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Eating disorder, according to the National Association of Anorexia and Associated Disorders (ANAD) is "an unhealthy relationship with food and weight that interferes with many areas of a person's life" (ANAD). The topic of eating disorders has gained significance over the past owing to the ongoing healthy eating campaign. This text presents the causes, symptoms, and prevalence statistics of four common eating disorders among the American populace.
Anorexia Nervosa is a complex eating disorder characterized by an obsession about the food one eats, and the weight they maintain. ANAD identifies anorexia as a leading cause of death, and the third-largest cause of long-term illness among women aged between 15 and 24. Women make up over 80% of those with the condition, which is more prevalent among teenagers and young adults between ages 15 and 24.
Anorexic persons have an intense fear of gaining weight, often preferring to maintain a distorted body shape and a weight way below that which is recommended for their height and age. This they do by exercising excessively and starving themselves (the restricting form of anorexia); or using diuretics, diet pills, and through vomiting (the purging type) (Helpguide). Although anorexic persons pay too much attention to their weight, and the food they eat, there often are underlying causes such as feeling out of control, pressure to be perfect, insecurity, loneliness, and depression driving the urge to be thin.
Anorexia is often confused with dieting, although the two are significantly different: first, anorexia is about controlling one's emotions and life, whereas dieting is about controlling, and hence, maintaining a healthy body weight (Helpguide). Moreover, unlike anorexia which focuses more on self-esteem, dieting is based purely on body image and body weight. Thirdly, anorexia leads one to strive for weight loss as a way of achieving happiness, whereas dieting strives for weight loss in a bid to improve appearance (Helpguide).
The most common symptoms of anorexia include strange food rituals such as using a specific plate or not eating in public places; pre-occupation with nutrition and fat grams, and such tendencies as portion-measuring and keeping of food diaries; and obsession over even the smallest weight gains (Helpguide). The effects of the condition are the same ones associated with malnutrition, including lack of menstruation, dehydration, dry skin, low blood pressure, insomnia, and fatigue.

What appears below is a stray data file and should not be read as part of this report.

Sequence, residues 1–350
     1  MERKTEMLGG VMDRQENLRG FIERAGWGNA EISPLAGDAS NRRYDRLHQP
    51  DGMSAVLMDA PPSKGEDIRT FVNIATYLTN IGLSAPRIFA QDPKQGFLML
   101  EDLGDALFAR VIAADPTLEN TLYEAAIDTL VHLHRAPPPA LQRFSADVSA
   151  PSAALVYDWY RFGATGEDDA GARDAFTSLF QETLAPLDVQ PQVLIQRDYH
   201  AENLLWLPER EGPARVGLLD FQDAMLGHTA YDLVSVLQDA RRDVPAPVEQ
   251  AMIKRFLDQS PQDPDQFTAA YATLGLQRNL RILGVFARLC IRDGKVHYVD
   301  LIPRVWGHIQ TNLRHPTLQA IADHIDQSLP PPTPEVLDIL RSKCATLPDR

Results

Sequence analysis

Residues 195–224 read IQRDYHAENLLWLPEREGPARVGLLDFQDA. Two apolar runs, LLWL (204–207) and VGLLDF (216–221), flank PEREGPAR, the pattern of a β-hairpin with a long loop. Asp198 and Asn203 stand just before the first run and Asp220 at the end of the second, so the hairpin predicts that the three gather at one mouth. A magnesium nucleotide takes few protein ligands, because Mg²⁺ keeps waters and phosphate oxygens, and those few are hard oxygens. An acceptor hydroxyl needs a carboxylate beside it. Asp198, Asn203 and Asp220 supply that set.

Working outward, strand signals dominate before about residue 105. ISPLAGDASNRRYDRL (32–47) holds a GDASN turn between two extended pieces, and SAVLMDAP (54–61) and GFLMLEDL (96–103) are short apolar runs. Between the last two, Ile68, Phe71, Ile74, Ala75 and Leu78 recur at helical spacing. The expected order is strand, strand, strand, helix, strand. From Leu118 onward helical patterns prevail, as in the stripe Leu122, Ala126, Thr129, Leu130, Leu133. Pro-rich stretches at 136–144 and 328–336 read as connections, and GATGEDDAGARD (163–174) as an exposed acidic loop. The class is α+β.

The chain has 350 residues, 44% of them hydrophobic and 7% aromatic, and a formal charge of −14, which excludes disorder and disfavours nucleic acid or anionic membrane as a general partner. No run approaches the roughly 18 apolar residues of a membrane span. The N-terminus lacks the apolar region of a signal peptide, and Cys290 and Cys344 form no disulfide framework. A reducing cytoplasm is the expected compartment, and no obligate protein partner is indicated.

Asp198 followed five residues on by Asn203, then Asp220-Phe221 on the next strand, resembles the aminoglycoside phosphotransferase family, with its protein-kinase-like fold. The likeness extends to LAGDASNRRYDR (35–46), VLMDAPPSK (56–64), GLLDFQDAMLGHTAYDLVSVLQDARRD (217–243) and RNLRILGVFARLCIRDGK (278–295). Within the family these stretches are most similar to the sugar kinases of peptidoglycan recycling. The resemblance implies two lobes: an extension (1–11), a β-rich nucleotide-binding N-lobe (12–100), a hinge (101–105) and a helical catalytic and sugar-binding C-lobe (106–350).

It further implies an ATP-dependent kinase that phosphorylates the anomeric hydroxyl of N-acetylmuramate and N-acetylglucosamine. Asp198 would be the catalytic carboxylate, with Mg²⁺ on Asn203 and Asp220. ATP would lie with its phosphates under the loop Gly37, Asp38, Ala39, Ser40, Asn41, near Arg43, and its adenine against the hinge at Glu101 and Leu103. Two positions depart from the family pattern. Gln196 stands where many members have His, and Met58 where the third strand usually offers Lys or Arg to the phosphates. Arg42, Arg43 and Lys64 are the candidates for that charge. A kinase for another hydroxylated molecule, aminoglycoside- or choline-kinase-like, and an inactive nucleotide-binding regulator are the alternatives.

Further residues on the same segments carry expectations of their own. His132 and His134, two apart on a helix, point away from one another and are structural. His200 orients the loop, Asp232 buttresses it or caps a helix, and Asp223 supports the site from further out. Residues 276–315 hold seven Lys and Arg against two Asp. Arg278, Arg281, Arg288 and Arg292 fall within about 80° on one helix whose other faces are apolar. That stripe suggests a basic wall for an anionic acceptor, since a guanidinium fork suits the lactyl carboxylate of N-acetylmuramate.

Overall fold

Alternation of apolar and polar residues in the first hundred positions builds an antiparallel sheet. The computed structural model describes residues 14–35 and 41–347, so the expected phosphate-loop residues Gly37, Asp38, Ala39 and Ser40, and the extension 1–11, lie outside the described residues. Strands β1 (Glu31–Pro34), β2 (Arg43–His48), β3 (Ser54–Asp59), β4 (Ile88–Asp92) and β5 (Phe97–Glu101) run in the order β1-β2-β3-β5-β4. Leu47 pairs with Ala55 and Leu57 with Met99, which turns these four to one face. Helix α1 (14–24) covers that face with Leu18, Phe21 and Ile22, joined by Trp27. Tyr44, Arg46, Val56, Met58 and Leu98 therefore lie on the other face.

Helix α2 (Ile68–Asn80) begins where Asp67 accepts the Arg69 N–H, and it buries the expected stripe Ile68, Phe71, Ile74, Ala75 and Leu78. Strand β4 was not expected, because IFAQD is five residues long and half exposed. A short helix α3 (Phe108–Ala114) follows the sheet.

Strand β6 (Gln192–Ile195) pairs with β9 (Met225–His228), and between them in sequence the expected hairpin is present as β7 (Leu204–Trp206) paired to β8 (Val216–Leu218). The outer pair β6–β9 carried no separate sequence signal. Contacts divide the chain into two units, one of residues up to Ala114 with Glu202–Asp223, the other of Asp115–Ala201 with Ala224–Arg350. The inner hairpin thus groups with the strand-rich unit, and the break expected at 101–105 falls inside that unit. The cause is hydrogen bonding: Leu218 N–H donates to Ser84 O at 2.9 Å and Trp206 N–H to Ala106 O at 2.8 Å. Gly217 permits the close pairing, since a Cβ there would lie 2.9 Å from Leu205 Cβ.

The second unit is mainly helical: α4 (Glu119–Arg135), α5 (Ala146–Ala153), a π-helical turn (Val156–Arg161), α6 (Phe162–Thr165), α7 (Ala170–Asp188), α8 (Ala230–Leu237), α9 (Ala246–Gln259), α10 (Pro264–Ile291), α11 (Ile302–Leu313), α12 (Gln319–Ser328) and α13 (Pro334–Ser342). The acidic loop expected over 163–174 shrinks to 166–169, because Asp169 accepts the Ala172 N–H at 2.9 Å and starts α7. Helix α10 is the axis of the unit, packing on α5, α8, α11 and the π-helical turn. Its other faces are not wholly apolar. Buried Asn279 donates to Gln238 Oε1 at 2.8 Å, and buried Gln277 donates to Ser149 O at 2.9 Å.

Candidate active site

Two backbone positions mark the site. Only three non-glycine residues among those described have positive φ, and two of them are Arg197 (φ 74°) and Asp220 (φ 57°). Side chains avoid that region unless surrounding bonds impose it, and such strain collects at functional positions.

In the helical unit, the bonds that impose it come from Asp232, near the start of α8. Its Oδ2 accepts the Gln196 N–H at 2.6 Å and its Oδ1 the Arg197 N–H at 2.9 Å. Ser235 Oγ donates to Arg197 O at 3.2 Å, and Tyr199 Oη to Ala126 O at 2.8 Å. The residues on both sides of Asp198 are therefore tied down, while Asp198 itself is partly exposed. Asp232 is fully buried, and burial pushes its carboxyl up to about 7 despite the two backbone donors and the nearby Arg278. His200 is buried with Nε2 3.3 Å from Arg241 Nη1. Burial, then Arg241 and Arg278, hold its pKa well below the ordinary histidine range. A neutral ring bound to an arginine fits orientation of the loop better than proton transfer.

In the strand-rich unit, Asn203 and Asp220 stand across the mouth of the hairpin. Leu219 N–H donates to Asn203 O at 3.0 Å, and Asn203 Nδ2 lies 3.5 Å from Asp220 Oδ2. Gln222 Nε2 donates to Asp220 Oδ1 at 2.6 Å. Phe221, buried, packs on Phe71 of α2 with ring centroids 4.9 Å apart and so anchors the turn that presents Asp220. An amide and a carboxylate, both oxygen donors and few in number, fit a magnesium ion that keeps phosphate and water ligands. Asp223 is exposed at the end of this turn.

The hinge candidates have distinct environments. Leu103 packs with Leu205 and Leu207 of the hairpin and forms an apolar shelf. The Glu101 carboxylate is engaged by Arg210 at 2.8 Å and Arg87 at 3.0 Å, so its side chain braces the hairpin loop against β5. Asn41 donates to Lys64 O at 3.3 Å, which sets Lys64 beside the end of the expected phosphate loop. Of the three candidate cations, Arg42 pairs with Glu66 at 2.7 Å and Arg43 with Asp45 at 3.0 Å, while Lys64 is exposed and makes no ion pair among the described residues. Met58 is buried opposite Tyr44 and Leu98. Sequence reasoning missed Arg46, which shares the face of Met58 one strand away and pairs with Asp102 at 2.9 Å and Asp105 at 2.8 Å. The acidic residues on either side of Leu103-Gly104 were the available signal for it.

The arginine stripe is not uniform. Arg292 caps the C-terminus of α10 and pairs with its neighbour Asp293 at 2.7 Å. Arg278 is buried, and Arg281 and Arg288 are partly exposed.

The causes of anorexia can be grouped into: i) biological -- one inherits genetic tendencies towards perseverance, sensitivity, and perfectionism; and ii) environmental -- the media seemingly equating worth and success with thinness, and in so doing, driving the desire to be thin. Nonetheless, anorexia is treatable; through the support and guidance of nutritional experts, an anorexic can learn to develop healthy attitudes about their weight.
Bulimia is a deadly eating disorder "characterized by recurrent and frequent episodes of eating unusually large amounts of food," followed by frantic efforts to prevent weight gain by exercising excessively, fasting, pill-use, or inducing vomiting (ANAD). Towards this end, bulimic victims exhibit some form of vicious binge-and-purge cycle. According to ANAD, bulimia is more prevalent among women, with 1.1 to 4.2% of them exhibiting the condition at some point in their lives. Moreover, the condition accounts for approximately 3.9% of deaths among women (ANAD).
Like is the case with anorexia, bulimia leads its victims to obsess over weight gain and strive for weight loss; however, unlike anorexic victims, bulimic patients can still fall within the weight range regarded normal for their age and height (ANAD). Persons with bulimia exhibit the following key symptoms -- broken eye blood vessels, swollen salivary glands and cheeks, ruptured esophagus, acid reflux, dizziness and body weakness, acute sore throat, swelling of feet and hands, bloating, compulsive exercise, and secret binge eating habits. Concern about body image, and low self-esteem are significant causes of bulimia (Helpguide). Other key contributors include a cultural overemphasis on thinness and influences from professions such as wrestling, modeling, and ballet dancing, which are inclined towards image appearance.
Like anorexia, bulimia is treatable through a tripartite mechanism that involves breaking the vicious binge-and-purge cycle, changing unhealthy feeding patterns and habits, and finding solutions to emotional issues.
Orthorexia nervosa is an eating disorder often described as an obsession about healthy eating. It begins…[continue]
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